By Charlotte Dulany
The University of Maryland’s Gamer Symphony Orchestra (GSO) performed orchestral arrangements of video game music to a packed house April 21.
The orchestra performed music from a variety of genres, including pieces from Kirby, Journey, Monster Hunter, Maple Story and more.
This is the first time GSO has hosted two dates for their spring concert, as tickets for one-day performances, in past years, have sold out in the Dekelboum Concert Hall.
The GSO is a student-run ensemble is assembled of over 100 musicians, including 30 singers, devoted to performing orchestral arrangements of video game music and using it as an educational tool.
GSO was founded in 2005 and attracts students with an interest in both video games and music. They have played to packed houses four years in a row, have performed twice at the Smithsonian American Art Museum as part of their Art of Video Games exhibit, and again in the Watch This! Revelations in Media Art series.
“We’re not looking for potential members with excellent musical ability, but more of a community,” sophomore chemical engineering major Hojin Yoon said.
Yoon joined GSO his freshman year when he talked to club members at the First Look Fair.
“I knew I liked video games and music, so this seemed like a perfect fit,” Yoon said.
Yoon is now GSO’s secretary on their officer board and saxophonist. GSO’s rehearsals run two hours a week, and four hours a week in the time leading up to a performance.
“It is stressful to balance GSO with academics, but as long as you enjoy what you study and what you do outside of the classroom, everything will work out,” Yoon said.
Senior computer engineering major Eileen Liu started playing piano from a very young age, and found GSO when a friend recommended she join her freshman year. “We have a lot of heart, and you can hear that in the music,” said Liu.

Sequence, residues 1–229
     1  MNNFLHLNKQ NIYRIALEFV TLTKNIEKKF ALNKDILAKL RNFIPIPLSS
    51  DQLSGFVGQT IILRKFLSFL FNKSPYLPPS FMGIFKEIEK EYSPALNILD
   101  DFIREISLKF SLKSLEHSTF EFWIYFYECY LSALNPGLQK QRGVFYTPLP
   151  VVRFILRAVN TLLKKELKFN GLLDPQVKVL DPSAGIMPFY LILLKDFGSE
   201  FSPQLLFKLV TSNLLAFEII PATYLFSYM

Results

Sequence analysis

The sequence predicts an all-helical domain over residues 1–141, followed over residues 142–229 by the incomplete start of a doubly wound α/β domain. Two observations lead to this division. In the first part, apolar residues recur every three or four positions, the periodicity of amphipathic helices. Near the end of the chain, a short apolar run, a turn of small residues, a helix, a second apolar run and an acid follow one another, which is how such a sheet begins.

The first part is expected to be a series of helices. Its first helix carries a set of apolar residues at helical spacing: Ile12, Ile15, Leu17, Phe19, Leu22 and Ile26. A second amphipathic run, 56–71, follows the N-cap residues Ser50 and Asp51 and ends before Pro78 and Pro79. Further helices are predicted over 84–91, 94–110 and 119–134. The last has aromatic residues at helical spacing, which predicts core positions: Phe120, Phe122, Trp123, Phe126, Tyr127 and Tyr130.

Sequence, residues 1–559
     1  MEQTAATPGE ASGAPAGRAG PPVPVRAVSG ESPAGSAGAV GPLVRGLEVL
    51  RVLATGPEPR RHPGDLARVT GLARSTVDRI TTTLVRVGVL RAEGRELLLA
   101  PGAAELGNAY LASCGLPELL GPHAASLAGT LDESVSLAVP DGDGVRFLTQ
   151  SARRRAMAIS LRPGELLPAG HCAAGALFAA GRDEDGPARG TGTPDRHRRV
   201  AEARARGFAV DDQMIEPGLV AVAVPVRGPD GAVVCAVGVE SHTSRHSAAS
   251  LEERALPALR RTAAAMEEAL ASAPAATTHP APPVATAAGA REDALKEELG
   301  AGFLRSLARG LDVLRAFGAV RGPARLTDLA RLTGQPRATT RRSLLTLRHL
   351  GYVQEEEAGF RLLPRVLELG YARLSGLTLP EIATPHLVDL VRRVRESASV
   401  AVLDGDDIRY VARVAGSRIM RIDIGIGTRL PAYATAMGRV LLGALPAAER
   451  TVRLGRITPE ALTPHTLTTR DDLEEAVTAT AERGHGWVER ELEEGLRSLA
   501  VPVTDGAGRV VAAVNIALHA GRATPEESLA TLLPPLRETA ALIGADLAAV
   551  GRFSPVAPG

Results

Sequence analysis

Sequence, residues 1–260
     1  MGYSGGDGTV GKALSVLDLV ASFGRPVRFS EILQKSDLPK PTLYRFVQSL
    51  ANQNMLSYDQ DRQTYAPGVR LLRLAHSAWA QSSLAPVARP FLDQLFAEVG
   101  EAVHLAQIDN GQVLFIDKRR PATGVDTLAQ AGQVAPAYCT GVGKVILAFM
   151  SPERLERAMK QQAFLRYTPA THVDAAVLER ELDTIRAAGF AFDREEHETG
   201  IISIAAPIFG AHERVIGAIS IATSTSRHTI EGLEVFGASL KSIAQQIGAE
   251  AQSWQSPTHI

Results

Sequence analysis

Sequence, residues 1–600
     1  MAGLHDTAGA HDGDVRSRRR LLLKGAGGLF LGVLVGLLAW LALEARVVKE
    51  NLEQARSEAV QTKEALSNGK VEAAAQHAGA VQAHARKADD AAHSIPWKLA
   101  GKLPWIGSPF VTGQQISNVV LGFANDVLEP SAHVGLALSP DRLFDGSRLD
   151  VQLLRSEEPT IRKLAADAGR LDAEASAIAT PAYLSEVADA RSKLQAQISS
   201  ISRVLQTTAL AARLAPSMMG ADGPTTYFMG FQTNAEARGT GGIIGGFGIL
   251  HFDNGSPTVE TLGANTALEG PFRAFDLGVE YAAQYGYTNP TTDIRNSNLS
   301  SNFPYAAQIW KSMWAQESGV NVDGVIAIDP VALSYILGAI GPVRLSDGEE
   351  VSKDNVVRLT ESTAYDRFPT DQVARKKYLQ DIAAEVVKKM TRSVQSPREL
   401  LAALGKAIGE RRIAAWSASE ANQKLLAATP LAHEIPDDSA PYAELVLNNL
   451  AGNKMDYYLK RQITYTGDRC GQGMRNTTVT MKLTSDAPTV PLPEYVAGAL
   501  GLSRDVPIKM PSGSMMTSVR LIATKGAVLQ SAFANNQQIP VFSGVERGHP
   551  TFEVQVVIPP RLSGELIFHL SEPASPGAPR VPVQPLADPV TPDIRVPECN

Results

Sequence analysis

Many GSO members have not formally studied music. For Cecelia Vetter, graduate student of the Master of Library & Information Science iSchool, it all began in fourth grade when her parents told her to pick a string instrument and she chose the biggest one she could find: the cello.
Now, playing the cello comes second nature to Vetter. “It is an intimate instrument that I’ve played for over ten years, and the way it feels when I play is very calming,” said Vetter, who is now co-director of the cello section.
The appeal of an entirely student-led orchestra is what draws many members in as well.
“Everyone is here for the music and to have fun, not to be assessed,” Vetter said. “Sometimes rehearsal is more fun than the concerts because we’re all friends just hanging out playing music we like.”
Potential members are encouraged to sit in on rehearsal, and being a video game fanatic is not a requirement. Vetter, someone who has never found interest in video games, found appreciation for the culture through the music — though she does not think she’ll start gaming anytime soon.
For Chase Frederick, senior computer science major, the blend of video games and music is what the orchestra is all about.
“I have put a lot of myself into this group, and it is rewarding to see our work culminate into something so special,” Frederick said.
Frederick is a choir director in GSO who knew he wanted to join the orchestra before he began his freshman year at this university. He saw a link to one of GSO’s performances on a video game remix site, and was “instantly hooked.”
Frederick also arranged pieces for the ensemble, such as Smiles and Tears from Earthbound and Big Arms from Sonic the Hedgehog 3 & Knuckles — which have often brought him to tears in his performances.
“As much as we are an ensemble, we are also a social group where anyone can grow and completely be themselves.”
“You don’t have to play the video game to appreciate the music in this laid-back, quirky community,” sophomore mechanical engineering major and violinist Elizabeth Childs said.